• The definition of “building” in the proposed regulations is retained, and the preamble notes that outdoor sports stadiums, amphitheatres, and unenclosed parking garages would satisfy the definition of an OIPS. The final regulations add motels, enclosed stadiums and arenas, and enclosed shopping malls as examples of buildings.
  • The term “indefinitely”—that is, to qualify as an IPS, an asset must be permanently affixed and expected to last indefinitely—does not mean forever, but is based on all the facts and circumstances with a primary focus on the nature of the distinct asset and the affixation. 
  • A safe harbor or blanket rule for distinct assets that provide utilities to IPSs was not adopted in the final regulations. Rather, the factors listed in Reg. section 1.856-10(d)(3)(iii) for structural components are deemed important to the analysis of systems that provide a utility-like function.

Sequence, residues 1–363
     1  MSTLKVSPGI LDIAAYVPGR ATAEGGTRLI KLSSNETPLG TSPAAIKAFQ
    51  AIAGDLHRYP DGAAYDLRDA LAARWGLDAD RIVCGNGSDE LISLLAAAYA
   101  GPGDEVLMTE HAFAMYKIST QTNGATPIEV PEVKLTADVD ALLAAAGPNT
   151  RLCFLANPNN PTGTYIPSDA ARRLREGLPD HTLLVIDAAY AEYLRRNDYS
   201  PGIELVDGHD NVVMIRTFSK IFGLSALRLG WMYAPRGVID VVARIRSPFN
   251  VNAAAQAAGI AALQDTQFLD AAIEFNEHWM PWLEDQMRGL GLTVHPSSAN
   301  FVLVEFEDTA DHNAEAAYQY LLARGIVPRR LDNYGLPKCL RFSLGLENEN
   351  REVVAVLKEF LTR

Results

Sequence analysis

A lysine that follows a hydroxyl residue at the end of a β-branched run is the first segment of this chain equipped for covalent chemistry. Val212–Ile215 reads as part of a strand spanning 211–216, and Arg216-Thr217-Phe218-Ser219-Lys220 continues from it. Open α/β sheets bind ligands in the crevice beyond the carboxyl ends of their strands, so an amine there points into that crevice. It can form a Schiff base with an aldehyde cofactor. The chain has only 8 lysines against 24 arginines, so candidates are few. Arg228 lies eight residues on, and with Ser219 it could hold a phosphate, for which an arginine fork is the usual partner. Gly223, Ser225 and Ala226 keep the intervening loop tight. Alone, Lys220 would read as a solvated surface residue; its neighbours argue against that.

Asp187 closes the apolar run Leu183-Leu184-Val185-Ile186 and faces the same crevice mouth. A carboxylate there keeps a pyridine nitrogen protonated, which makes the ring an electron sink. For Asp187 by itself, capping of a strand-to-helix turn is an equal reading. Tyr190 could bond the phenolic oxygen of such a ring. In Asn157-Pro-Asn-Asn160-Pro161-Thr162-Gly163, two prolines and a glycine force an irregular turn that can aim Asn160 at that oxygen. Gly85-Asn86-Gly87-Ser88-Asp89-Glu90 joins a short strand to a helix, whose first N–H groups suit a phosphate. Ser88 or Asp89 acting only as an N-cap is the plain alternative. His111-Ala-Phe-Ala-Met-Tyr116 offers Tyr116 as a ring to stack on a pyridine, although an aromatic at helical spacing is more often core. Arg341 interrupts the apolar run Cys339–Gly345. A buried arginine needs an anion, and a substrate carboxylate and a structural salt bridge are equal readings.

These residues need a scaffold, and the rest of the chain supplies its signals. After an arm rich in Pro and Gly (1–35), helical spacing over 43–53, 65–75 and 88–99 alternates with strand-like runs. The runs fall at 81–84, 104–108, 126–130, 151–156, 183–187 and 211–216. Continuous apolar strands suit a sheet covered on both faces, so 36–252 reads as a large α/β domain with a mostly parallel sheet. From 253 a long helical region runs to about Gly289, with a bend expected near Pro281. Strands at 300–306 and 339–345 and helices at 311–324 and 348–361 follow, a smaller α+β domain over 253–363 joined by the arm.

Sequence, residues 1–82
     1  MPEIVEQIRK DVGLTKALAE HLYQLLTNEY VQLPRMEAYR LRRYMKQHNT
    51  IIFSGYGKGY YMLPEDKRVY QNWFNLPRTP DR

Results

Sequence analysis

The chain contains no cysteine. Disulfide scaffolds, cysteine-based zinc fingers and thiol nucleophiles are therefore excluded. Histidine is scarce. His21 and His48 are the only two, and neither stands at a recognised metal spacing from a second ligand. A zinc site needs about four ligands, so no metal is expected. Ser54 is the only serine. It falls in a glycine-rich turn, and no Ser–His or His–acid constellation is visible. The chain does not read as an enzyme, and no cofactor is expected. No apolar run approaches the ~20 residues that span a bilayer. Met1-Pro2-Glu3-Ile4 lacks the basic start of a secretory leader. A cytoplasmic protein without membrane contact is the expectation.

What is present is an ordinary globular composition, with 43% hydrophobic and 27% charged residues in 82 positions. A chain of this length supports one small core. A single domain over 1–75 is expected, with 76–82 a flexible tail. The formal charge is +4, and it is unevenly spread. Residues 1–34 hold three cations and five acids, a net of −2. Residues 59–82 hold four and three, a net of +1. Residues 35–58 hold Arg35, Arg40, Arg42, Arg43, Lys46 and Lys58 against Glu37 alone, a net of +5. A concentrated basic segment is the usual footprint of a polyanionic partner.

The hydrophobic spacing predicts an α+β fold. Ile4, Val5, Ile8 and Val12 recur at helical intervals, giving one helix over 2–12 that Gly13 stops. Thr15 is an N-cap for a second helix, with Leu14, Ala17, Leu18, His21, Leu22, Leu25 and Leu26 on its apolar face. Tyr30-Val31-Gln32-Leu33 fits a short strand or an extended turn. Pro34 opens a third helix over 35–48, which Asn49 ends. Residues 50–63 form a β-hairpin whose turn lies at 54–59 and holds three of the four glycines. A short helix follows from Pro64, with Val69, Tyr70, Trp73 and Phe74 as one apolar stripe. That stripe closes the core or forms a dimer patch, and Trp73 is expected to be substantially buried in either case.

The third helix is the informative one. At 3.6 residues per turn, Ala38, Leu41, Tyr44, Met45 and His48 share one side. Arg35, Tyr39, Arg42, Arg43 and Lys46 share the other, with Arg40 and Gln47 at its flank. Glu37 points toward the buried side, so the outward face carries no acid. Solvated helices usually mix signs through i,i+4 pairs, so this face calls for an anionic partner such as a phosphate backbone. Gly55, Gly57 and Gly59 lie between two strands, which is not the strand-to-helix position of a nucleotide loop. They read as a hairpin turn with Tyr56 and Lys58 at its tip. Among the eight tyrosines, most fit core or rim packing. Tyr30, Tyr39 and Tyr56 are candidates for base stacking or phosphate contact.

• The final regulations provide that a distinct asset qualifies as a structural component if the REIT hold its interest in the structural component together with a real property interest with respect to the space in the IPS that the structural component serves. For example, a central air-conditioning system is a machine that does not separately qualify as an IPS. 
  • The final regulations did not adopt suggestions from commenters to add to the list of types of distinct assets that would qualify as buildings, OIPSs, and structural components. As the preamble explains, these suggested assets were either already included or would not in all cases satisfy the definition. For example, the preamble notes that energy storage components, solar photovoltaic (PV) panels, related wiring and functionally related transformers, power conditioning equipment, and electrical power inverters and related wiring do not serve a passive function and thus are not considered OIPSs.